Don’t buy your puppy from a pet shop!

When it is time to get a puppy going to the pet shop is a really bad idea. Unfortunately pet shops are not very vested in where they get their puppies from as a matter of fact many times they get their puppies from puppy mills.

In many cases they are getting puppies from puppy mills that are not run in an ethical manner. They also get a lot of puppies that were “dropped off” or left because they could not be sold elsewhere for more money.


It does not take a lot of know how to open a pet shop. Even the large chain pet shops do not really concern themselves with their “stock” and where their stock comes from. It is actually quite a sad state of affairs. Pet shops are not expert in any particular species and can not tell you about a specific breed of dog with any level of certainty.

Typically pet shops hire clerks at minimum wage part time to run the store.


Puppy mills sell their puppies to pet shops all the time like they are clearance items from last season. Remember the pet shop is there for one purpose and one purpose only. Profits! Like any big box discount type store they are not looking to see where the inventory comes from they are just concerned with the bottom line.

The “inventory” is confined to very small spaces until it is sold. The dogs are not socialized other than when customers pass by and maybe stop to say hello and please do not forget that the puppies in pet shops may only be socialized to people that think it funny to tease a puppy in a cage 🙁 .

Consumer Demand

Don’t buy your puppy from a pet shop!

As long as people go to a pet shop to purchase puppies, pet shops will continue to buy puppies from puppy mills. The pet shops are concerned with profits. Buying puppies in bulk is a way they can optimize their profits.

Buying puppies from pet shops is just a bad idea. There are plenty of ethical breeders that take the time to care for their dogs and their puppies the way they should be cared for. If consumer demand dwindles than pet shops will no longer support the puppy mills that are selling them “discount dogs”.

Saving a few dollar by going to a pet shop to purchase a puppy may help you and 1 puppy in the end but ultimately all it does is feed the machine of greed that causes puppy mills to be so prevalent.


Our pets deserve the best. We want them to live long and healthy lives. We get worried if they sick and we fuss if we hear them crying. On the other hand, our pets have no way of really telling us out loud what they want; we can only rely on their body signals. They whimper when they are ill or wag their tails when they are happy. Sometimes they are happy but suddenly get ill and we go into this super helicopter parent mode to aid them. We try to feed them the right food and sometimes we try too much. We wonder, should we give supplements to our dogs?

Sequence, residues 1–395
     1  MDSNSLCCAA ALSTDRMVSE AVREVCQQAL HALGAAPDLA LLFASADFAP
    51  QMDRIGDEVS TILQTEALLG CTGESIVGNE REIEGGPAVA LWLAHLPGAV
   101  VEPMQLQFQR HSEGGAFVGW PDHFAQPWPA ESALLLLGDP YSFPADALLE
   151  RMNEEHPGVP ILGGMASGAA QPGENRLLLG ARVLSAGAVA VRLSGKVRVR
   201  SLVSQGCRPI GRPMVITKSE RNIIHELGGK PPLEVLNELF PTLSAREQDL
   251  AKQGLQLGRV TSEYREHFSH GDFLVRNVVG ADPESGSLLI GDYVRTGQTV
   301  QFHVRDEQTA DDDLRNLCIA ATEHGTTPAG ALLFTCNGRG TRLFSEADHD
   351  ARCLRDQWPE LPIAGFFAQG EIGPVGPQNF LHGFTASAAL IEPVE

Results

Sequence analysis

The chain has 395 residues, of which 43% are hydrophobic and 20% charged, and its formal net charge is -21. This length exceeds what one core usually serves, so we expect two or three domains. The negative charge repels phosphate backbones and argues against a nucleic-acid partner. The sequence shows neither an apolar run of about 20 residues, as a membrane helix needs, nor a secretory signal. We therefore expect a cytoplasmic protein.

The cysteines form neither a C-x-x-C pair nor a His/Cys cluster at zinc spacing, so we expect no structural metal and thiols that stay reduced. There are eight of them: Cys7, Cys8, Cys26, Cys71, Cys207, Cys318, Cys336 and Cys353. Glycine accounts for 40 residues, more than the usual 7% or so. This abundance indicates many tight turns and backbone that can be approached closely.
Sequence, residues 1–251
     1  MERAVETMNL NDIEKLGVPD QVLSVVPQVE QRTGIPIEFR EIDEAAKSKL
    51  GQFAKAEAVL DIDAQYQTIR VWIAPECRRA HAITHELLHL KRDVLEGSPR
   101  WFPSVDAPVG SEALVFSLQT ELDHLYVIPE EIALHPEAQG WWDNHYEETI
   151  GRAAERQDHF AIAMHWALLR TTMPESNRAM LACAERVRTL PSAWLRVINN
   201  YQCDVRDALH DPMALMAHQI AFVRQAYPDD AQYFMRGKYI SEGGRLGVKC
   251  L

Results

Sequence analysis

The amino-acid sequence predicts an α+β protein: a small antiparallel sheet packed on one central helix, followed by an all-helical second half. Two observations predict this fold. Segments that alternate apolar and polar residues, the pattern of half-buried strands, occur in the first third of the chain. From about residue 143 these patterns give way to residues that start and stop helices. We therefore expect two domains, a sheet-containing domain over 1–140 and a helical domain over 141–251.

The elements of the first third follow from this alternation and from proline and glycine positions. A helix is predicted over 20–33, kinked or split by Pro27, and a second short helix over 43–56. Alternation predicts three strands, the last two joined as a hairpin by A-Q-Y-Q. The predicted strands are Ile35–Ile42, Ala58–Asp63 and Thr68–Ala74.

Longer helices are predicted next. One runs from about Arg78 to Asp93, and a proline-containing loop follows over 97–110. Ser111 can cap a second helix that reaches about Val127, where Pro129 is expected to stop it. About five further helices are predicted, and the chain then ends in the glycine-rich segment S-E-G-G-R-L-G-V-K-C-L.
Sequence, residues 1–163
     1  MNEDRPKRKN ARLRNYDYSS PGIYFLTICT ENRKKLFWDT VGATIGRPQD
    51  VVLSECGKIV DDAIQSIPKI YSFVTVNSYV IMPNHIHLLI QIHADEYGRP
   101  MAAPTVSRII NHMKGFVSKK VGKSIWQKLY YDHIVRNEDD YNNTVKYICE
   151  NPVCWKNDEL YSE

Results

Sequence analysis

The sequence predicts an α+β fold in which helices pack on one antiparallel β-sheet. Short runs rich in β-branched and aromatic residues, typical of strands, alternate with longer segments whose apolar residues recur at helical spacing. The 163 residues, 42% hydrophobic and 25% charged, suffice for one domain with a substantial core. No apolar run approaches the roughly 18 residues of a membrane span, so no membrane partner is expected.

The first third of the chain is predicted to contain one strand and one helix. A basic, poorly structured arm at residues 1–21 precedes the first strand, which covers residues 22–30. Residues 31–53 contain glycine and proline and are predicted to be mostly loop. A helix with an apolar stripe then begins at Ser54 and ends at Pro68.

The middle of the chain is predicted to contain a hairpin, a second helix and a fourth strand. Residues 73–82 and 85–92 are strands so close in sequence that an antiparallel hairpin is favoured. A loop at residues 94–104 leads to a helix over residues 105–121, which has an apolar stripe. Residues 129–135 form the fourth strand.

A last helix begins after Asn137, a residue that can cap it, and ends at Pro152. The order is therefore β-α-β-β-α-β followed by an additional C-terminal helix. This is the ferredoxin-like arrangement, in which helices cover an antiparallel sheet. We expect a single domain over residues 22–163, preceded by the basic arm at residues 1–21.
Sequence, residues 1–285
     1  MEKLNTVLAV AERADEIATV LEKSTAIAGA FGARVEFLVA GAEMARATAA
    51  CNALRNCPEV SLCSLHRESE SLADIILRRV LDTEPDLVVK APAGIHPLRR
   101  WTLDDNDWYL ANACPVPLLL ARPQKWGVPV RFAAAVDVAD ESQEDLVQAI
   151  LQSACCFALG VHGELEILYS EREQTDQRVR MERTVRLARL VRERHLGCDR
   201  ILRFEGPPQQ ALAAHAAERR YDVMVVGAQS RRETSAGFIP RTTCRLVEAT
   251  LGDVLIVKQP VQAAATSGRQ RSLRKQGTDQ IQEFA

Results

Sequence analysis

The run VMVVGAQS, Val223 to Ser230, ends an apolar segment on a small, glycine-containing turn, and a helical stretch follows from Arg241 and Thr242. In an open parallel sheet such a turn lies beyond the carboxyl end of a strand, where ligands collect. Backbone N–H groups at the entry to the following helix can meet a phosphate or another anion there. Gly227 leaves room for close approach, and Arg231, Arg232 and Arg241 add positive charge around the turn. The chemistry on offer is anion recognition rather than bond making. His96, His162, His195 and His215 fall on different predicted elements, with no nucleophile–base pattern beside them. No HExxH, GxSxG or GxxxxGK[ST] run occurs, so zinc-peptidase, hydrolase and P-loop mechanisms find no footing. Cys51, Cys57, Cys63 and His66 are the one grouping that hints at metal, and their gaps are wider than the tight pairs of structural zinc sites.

What are Supplements For?

Giving supplements to dogs now a days is becoming very popular. A lot of pet owners want their pets to have shiny coats that grow beautifully like those we see in commercials. We also heard about supplements that fight aging bones and osteoporosis and arthritis. There is also a supplement for immune system and all that. But do our dogs really need these? Studies have shown that most dogs can get their needed nutrients from commercially prepared dog food. Reputable dog food normally contain everything that your dog needs. Giving your dog vitamins or supplements if not recommended by your vet can cause him more harm than good.

Be Careful with What You Give to Your Furry Friend!

Dogs have a different physiology from humans. Some supplements and medications that are good for us can actually harm them. One good example of this is garlic. Garlic can cause severe anemia in dogs that it can kill them. There are many substances that are tolerated by humans that dogs cannot one of them is grapes and raisins. These may give us anti-oxidants but can cause kidney problems in dogs. The best way to provide your dog with ample nutrients is to provide them with food that is complete and has all their needs.

So When Do I Give My Dog Supplements?


In general most vets do not recommend supplements. For shiny coats giving Omega-3 Fatty acids can be fine as well as fish oil. Some pets do need help from joint pain but never give him without consulting your vet. Calcium can build up if not given in proper dosages which can cause your dog to have kidney stones and bone problems. Water soluble nutrients like vitamin C and B vitamins are normally excreted when given in excess but excess vitamin can cause nerve issues. On the other hand, high vitamin A can be stored in his fat cells and may lead to bleeding, dehydration and heart problem. Vitamin E is also normally stored in the fat tissues of a dog and too much may cause neurological problems. Vitamin D can cause your dog to lose his interest in food, have weak muscles and cause bones have problems or become weak.

On the other hand, you vet may advise you to give supplements to your dog if you prepare his meal at home. Homemade meals may the number of nutrients that manufactured or scientifically tested food. Your dog may also be having some form of nutrient deficiency that can often be found through a blood test. The vet would prescribe how long he will need to take it. It is advisable to go back to the vet to check if he still need to continue the treatment. Over treatment may be bad for your pet.

Is it Really Needed?

Overall, supplements are not necessary for your dog to achieve a happy and healthy life. The supplements market for pets is a billion dollar industry that is normally geared towards siphoning money from unknowing pet owner who love their little furry friends and would do anything for them. Try to find a trusted veterinarian to consult with. Always remember that a dog needs proper care and checkups in order to know if he needs something or not.